Some Notes for Merced Color Studies
Last year I began work on new shaped-plywood structures modeled after the contours of California’s Merced River. Some of these forms may feature two colors instead of one. The new structures, which derive their proportions, as before, from simple arrangements of equilateral triangles, have been built and are awaiting refinement and color.
Preserving the directness and simplicity of the earlier monochromatic structures requires some consideration of the size, proportion and shape of each of the two colors. Adding a second color might give the painted structures more complexity and energy, but the addition mustn’t complicate. The transition from color to color must be sharp and clear—so as not to suggest pictorial space.
Seeing Matisse’s cut-color experiments in early October was revelatory. The Matisse paper cut-out works are built of uninterrupted areas of brushed flat color. His paper is painted in vivid colors with gouache opaque paint. Gouache’s elegant gum arabic medium barely mitigates the brightness of the various pigments.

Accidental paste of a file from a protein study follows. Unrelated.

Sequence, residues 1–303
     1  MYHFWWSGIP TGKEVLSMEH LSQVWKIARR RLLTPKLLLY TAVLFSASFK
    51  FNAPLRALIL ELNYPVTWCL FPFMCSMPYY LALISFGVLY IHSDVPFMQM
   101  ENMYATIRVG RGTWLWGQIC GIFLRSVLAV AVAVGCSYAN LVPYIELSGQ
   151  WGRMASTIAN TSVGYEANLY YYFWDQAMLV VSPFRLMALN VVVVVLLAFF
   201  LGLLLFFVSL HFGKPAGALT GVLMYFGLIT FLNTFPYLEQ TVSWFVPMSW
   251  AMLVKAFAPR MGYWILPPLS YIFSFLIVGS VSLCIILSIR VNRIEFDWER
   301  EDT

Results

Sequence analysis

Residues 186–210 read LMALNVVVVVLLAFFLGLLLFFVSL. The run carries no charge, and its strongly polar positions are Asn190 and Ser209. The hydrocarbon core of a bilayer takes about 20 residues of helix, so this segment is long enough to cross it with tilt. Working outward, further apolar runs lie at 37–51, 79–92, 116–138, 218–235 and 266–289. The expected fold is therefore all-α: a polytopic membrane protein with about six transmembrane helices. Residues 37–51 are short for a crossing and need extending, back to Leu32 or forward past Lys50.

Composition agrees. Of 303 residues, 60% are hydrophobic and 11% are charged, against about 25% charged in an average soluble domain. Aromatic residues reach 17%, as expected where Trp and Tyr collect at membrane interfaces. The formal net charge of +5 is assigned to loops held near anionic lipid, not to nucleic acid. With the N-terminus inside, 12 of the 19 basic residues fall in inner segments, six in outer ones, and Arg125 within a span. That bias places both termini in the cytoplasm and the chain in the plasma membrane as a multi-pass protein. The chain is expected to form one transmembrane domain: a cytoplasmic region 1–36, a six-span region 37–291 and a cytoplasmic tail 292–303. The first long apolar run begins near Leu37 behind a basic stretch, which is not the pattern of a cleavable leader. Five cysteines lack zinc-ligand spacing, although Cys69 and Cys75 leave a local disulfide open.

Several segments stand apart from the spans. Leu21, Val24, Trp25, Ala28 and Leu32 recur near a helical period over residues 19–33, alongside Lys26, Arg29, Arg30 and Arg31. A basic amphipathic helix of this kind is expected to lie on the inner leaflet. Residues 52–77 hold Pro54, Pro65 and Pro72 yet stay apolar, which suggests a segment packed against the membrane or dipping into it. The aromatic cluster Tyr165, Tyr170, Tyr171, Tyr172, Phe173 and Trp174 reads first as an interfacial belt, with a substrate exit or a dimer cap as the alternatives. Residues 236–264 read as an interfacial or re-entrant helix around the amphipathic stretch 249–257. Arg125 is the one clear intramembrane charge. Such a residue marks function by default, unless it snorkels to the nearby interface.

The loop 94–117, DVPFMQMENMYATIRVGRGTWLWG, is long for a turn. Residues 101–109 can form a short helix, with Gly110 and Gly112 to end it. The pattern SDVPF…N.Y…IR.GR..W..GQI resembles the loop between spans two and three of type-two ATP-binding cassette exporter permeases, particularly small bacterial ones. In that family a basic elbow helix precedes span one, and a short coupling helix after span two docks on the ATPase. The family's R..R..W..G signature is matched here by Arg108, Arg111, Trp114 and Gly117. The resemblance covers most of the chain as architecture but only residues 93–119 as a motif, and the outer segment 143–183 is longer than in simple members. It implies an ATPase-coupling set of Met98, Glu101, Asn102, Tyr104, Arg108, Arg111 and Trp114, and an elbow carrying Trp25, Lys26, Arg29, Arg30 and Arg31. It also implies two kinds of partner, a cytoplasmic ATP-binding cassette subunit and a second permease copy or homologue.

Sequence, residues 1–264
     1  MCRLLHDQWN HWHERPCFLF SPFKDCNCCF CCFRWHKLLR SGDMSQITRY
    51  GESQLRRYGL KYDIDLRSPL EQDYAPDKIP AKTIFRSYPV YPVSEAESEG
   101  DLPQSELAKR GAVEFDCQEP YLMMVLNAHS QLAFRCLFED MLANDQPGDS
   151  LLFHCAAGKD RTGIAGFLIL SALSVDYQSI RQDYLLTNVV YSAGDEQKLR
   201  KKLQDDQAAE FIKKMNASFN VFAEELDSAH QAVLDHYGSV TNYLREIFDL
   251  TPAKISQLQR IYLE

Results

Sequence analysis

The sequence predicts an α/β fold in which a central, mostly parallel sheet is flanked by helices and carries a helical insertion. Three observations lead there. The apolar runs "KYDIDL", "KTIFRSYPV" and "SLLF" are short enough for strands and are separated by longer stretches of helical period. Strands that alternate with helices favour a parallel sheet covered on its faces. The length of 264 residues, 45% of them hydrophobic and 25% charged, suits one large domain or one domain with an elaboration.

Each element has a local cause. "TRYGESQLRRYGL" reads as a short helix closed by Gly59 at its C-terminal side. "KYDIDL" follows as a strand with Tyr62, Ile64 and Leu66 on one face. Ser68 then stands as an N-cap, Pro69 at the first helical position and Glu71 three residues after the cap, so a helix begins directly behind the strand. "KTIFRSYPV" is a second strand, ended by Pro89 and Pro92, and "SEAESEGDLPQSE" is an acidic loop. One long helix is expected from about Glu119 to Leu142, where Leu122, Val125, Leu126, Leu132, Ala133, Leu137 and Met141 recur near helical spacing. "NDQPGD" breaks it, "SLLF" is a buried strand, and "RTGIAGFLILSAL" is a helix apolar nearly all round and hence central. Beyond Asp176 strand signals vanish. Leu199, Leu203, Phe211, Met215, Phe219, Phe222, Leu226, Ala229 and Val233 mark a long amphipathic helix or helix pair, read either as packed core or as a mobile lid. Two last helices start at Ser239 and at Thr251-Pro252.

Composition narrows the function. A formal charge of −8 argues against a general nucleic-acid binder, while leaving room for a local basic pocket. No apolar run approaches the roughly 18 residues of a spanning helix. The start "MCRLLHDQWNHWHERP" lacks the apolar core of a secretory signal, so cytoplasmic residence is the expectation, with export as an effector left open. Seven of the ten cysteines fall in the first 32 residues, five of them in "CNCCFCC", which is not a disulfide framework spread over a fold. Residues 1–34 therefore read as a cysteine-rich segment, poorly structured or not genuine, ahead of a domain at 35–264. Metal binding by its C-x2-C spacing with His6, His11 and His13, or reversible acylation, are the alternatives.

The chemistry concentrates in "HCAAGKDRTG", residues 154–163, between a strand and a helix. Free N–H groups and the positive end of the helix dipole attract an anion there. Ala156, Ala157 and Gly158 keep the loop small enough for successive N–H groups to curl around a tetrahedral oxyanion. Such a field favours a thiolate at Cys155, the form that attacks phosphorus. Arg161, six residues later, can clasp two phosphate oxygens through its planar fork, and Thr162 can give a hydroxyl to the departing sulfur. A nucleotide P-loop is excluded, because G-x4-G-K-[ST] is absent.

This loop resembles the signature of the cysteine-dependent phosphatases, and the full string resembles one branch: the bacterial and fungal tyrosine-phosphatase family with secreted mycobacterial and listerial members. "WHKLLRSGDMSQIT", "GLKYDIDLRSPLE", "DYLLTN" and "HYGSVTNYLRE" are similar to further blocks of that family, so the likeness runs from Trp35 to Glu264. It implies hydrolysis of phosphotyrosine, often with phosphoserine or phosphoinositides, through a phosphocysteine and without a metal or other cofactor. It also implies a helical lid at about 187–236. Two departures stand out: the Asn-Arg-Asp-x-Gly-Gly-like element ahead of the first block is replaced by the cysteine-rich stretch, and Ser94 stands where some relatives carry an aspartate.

For the Merced color studies I began by painting sheets of paper with different gouache colors, cutting out color shapes of the proper proportions, and pinning these shapes to the studio wall. Lost and miniature-like, the shapes needed a context.
In Matisse’s cut-out compositions, the color of the paper behind his drawn-with-scissors shape is nearly always a painted color. These compositions are fused in color—with the background and foreground balanced in significance and visual presence.
Recalling an audacious green shape vibrating on a field of black in one of the Matisse works, I have mounted these cut-color studies for Merced on full sheets of paper, each sheet painted a gouache-black.